Seeking out the facts about the life of of Jesus

Scholar: John Pilch uses his knowledge of the first century to explode common notions about Christ.

June 13, 1999|By John Rivera | John Rivera,SUN STAFF

Each Monday afternoon, a dozen Episcopal priests congregate in North Baltimore to get "Pilched."

In discussions of Bible readings that form the basis of their Sunday sermons, the guide to unlocking the text's message is John Pilch, a Bible scholar and Catonsville resident who writes easy-to-use manuals to the Good Book.

His latest book, "The Cultural Dictionary of the Bible," is just off the presses, and the manuscript for another, "Healing in the New Testament," has been sent to his publisher.

Pilch's approach differs from that of other biblical scholars. He sees himself as a biblical anthropologist. A member of the Context Group -- about two dozen scholars committed to using the social sciences in biblical interpretation -- Pilch believes it is essential to understand the social and cultural milieu of the first-century Mediterranean world to comprehend Jesus' actions and message.

Pilch's admirers say he approaches the Bible not only academically, but personally and spiritually. In his workshops, he often mentions his late wife, Jean, and how the biblical message has helped him cope with losing her two years ago to ovarian cancer.

"That's the other side of John Pilch," said the Rev. Kirk Kubicek, rector of St. Peter's Episcopal Church in Ellicott City, who had Pilch speak to a clergy group at his parish during Lent. "He has a strident pastoral concern. His is not simply an academic or scholarly endeavor."

The most common mistake people make in interpreting the Bible is projecting contemporary reality onto that ancient Mediterranean world, Pilch says.

"People who use sociology to analyze the Bible end up telling you what someone would have looked like if he or she was an American," said Pilch, sitting in his office in the basement of his Catonsville home, which is cluttered with books and journals.

"The nature of the science of anthropology is you're making comparisons between societies or cultures," he said. "To do that, you need some sort of comparative tools, and that's what anthropology offers you."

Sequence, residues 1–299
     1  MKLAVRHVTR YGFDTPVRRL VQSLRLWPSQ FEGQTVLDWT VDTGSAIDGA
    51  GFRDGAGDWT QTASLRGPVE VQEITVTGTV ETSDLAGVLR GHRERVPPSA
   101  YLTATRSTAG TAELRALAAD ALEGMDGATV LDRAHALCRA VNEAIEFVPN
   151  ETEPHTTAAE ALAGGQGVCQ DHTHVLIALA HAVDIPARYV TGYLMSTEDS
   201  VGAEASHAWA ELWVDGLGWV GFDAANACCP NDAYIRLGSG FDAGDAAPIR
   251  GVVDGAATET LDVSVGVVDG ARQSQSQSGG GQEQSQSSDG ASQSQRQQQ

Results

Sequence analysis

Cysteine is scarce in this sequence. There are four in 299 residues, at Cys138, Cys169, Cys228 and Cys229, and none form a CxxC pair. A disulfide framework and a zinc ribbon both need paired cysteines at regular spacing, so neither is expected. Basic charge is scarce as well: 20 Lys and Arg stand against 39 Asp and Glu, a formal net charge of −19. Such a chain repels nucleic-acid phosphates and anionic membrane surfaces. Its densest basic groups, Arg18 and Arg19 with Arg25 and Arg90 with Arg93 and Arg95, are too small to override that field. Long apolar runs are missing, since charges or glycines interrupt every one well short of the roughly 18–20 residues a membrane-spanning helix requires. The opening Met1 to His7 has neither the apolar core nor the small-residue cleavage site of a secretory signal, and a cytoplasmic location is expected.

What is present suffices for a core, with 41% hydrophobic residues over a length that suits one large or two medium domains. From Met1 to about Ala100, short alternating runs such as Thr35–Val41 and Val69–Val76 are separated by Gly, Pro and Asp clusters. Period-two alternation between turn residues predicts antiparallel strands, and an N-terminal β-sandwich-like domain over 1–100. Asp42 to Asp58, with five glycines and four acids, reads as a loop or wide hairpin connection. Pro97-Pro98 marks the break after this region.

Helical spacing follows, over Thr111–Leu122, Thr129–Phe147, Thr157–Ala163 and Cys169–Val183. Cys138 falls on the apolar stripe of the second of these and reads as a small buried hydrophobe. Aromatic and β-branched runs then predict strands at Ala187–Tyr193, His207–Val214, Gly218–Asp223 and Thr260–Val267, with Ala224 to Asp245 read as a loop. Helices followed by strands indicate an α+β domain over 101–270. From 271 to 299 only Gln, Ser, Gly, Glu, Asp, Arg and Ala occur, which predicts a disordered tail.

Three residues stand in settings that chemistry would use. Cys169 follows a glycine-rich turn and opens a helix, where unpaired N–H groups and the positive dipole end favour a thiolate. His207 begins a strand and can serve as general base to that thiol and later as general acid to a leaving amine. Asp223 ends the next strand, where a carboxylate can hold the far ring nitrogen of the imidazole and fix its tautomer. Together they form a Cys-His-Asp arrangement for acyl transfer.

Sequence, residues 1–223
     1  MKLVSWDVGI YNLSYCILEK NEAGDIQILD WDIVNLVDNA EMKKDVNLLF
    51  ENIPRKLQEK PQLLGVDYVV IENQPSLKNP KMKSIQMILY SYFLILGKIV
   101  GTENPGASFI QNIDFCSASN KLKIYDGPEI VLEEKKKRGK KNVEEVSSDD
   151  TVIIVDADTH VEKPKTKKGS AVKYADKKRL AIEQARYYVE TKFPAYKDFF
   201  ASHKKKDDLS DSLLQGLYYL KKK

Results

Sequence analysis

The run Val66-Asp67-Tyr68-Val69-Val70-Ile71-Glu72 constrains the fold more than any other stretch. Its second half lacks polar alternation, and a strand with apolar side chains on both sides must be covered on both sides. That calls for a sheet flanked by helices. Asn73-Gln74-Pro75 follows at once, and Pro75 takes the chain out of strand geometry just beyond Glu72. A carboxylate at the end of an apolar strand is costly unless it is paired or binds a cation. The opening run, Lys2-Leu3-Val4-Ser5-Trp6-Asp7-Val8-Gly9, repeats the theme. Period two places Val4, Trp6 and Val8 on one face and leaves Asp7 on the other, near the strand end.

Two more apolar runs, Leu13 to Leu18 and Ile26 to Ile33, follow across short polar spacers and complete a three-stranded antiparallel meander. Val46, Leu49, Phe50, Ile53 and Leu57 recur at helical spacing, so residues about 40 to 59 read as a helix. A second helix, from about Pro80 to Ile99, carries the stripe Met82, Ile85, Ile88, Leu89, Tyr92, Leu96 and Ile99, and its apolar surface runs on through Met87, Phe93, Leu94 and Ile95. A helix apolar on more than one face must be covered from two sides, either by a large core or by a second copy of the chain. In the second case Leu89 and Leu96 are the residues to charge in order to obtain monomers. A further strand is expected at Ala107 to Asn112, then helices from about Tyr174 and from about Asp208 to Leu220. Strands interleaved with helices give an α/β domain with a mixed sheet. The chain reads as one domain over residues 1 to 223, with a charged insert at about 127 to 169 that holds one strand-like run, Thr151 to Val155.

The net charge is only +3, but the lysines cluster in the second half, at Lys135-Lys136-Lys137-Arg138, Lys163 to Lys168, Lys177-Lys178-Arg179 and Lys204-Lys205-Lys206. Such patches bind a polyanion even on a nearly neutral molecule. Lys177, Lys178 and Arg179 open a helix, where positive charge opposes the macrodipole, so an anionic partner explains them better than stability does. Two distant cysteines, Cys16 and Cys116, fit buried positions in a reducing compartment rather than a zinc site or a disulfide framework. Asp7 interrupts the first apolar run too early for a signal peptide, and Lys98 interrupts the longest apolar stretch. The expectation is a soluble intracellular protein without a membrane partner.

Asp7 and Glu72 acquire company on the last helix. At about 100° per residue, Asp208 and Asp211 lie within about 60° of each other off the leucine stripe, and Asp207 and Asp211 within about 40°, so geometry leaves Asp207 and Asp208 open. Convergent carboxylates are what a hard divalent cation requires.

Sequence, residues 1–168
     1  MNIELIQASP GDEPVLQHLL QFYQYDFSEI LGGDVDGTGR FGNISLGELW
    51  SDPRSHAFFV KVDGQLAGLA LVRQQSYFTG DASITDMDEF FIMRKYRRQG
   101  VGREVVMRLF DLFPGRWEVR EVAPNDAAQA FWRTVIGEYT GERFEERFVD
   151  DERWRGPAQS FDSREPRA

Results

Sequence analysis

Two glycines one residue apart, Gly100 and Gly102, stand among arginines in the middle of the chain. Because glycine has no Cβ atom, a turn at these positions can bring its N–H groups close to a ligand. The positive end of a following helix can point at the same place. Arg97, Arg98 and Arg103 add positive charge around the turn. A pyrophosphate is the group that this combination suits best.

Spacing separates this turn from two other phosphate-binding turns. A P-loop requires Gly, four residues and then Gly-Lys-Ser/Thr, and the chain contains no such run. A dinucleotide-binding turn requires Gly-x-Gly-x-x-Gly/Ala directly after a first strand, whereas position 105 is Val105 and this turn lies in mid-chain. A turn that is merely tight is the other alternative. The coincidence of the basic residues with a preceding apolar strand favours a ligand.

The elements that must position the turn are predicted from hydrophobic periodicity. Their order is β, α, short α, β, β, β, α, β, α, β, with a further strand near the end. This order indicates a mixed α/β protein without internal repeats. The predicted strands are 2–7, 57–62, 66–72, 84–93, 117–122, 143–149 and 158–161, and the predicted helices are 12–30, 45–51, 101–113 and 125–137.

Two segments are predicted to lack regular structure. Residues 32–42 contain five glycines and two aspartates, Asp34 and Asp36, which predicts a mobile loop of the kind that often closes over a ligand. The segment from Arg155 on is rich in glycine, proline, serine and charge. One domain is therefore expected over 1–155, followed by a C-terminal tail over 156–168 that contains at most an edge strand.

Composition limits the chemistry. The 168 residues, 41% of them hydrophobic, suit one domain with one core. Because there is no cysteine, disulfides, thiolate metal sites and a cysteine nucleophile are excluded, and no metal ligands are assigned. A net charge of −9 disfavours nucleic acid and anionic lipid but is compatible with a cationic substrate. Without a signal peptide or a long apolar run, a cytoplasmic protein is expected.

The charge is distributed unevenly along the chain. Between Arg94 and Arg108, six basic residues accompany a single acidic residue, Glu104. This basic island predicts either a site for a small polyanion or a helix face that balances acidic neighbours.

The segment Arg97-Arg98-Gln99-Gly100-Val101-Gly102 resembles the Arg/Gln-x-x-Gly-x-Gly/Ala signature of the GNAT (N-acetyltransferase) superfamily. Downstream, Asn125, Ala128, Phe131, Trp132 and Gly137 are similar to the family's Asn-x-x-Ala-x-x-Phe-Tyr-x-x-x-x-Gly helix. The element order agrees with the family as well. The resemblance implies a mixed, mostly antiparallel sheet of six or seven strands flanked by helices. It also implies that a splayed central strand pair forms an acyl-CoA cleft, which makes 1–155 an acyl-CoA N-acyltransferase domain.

Pilch tries to communicate "the honest truth about Jesus" to his readers, his students at Georgetown University, where he's an adjunct assistant professor of biblical literature, and people he speaks to at workshops. In the process, he shoots down popular interpretations of the Bible.

For instance, the Aramaic term Jesus used to address God, "Abba," is translated as "Daddy," a tender, loving way to address one's father, and is said to define Jesus' relationship with God. But based on more recent scholarship, Pilch points out that "Abba" could be Greek or Hebrew and denotes "a more solemn, responsible adult address to a father."

The only time in the Gospels that Jesus says "Abba" is in Mark's account of the Garden of Gethsemane, where Jesus prays that he be spared from his impending execution. "A mark of mature manhood in Mediterranean culture was the ability to endure without flinching any and all physical punishment meted out," Pilch writes. "Mark portrays Jesus as a perfect, adult Mediterranean male, who prayed for his Father to remove the physical threat to his life, but submitted to it without debate."

Anachronistic labels

Pilch says it is anachronistic to speak of Jews or Christians when discussing the Bible. Jewish beliefs and practices as we know them, such as the synagogue and rabbis, did not exist until late in the first century. "Jesus never had a bar mitzvah," he said.

The term that is translated as "Jew" in the Gospels should more accurately be translated "Judean," to denote the geographical region. Understood in this way, Jesus was not a Judean, but a Galilean.

Similarly, because there are no Jews or Christians in the Bible, Pilch said, it is inaccurate to project into the Scriptures a religious conflict between the two groups. The term "Christian" was not what Jesus' early followers called themselves. When it is used in the New Testament, "it is only used by outsiders, and it is pejorative," Pilch said. "It is not a nice term."

Neither is the feeling that Pilch leaves with his newer students.

The Rev. P. Kingsley Smith, the historiographer for the Episcopal Diocese of Maryland who participates in the North Baltimore clergy group, coined the term "Pilched" to describe the experience of some students and readers who are at first distressed that their commonly held biblical notions are being exploded but who come back to the Bible with a deeper understanding.

"He's really able to make that accessible to people who are not really very sophisticated otherwise in biblical studies," Smith said.

Diverse background

Pilch's diversity of experience and interest sheds light on how his biblical sensibilities and intellectual curiosities developed.

He was born in Brooklyn, N.Y., and spoke only Polish until he was old enough to attend school. He has always loved music and is a tenor with the Baltimore Symphony Chorus.

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